Osmosis Jones

Directed by Bobby and Peter Farrelly
Starring: Bill Murray, Molly Shannon, Chris Elliott, Elena Franklin, and the voices of Chris Rock, David Hyde Pierce, Laurence Fishburne, Brandy Norwood, William Shatner, Joel Silver, Ron Howard.
MPAA Rating: PG for bodily humor.

Review by Matt Heffernan <matt@filmhead.com>
September 22, 2001

Here it is, folks: the most futile review of the year. Not only is Osmosis Jones almost out of theatres, but it is so mediocre, and my feelings about it so ambivalent, that this review won't do much to help people decide whether or not to see it (when it comes to video in a month or so). I saw the film when it was released last month, but the review, until now, has been another sacrifice to a busy schedule.

In brief, Osmosis Jones is about the body of a man (played by Bill Murray), and the abuse it is under because of a slovenly lifestyle. Half the film takes place in the guy's live-action world, while the other half is a fanciful animated imagining of his internal body. Chris Rock provides the voice for a white blood cell that tries to bring down a powerful virus (voiced by Laurence Fishburne). At his aide is a cold pill (voiced by David Hyde Pierce), who is armed with an arsenal of chemicals to combat the infection.

The Farrelly Brothers are credited with directing this film, but they did not write it, as they did for There's Something About Mary and their other comedy hits. Perhaps this is why Osmosis Jones was not one of their hits. Marc Hyman's screenplay (his first) provides some good jokes, but is terribly uneven. The world within Bill Murray is well imagined, but it's hard to say whether it was more the work of Hyman or the Farrellys.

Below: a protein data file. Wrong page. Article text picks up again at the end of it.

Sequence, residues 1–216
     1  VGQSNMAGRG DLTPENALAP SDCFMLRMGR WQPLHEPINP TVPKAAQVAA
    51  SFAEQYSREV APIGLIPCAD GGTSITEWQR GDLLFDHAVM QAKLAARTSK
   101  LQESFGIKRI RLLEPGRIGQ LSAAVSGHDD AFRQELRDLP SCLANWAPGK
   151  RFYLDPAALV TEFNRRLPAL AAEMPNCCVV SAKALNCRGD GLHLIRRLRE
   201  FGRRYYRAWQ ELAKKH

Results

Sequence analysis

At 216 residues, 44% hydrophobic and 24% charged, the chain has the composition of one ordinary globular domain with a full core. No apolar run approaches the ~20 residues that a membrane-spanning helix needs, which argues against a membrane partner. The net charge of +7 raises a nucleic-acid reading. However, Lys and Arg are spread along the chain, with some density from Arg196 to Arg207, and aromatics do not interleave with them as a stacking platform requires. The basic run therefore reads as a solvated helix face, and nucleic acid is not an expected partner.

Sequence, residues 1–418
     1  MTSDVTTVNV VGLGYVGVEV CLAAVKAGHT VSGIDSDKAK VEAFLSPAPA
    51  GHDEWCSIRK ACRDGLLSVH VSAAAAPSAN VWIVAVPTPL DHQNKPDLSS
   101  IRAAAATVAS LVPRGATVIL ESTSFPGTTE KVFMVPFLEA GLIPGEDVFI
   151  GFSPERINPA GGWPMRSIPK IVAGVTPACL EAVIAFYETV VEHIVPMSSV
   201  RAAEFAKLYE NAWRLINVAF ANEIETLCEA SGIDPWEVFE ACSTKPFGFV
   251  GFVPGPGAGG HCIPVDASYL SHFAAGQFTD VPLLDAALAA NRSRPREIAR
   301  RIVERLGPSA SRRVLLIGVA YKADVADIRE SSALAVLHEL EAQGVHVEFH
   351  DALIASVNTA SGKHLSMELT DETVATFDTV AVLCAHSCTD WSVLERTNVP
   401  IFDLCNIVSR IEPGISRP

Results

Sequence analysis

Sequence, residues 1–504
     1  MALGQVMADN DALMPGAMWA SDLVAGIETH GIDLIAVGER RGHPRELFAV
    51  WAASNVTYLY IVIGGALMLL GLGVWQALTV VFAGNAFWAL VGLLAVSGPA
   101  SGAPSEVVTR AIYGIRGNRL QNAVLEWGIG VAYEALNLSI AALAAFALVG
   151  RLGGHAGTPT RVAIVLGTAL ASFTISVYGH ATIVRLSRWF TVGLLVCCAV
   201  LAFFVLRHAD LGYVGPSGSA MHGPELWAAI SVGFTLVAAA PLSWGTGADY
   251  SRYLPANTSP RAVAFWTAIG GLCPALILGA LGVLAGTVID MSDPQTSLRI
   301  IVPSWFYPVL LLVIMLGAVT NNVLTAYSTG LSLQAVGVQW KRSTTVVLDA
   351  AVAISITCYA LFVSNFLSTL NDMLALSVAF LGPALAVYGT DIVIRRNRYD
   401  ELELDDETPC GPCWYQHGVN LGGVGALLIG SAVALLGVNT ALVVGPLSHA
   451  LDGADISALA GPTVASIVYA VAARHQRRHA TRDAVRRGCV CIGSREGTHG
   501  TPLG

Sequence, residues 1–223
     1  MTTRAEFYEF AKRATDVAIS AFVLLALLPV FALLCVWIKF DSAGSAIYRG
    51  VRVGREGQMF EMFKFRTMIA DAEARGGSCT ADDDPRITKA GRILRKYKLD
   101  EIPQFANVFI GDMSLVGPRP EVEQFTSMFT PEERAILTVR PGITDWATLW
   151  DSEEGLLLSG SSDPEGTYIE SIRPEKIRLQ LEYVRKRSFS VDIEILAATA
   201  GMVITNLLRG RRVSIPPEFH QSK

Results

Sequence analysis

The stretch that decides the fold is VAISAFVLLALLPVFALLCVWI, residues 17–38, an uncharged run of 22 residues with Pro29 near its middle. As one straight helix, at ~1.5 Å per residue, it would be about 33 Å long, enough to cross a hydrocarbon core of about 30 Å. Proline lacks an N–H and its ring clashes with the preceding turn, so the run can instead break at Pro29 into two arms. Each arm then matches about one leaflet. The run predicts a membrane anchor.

Then again, it's hard to say how much of the animated part of the film was really supervised by the directors. They have never been animators, which makes me think that the animation supervisors should really be credited as directors, especially since their part of the film was the most creative. The live-action part is a pretty simple sloppy-father and embarrassed-daughter (Elena Franklin) story. Clearly, the Farrellys were more concerned with their wholly live-action projects, like the upcoming Shallow Hal.

Osmosis Jones might be worth a rental upon its rapidly approaching video release date. There is some decent animation, a few good laughs, and Bill Murray, who is always worth watching.

For more information, go to the Internet Movie Database:
Osmosis Jones (2001)

Here's some merchandise for sale at Amazon.com
Osmosis Jones (2001) -- VHS
Osmosis Jones (2001) -- DVD
Osmosis Jones: Soundtrack -- Compact Disc

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Review © 2001 Matt Heffernan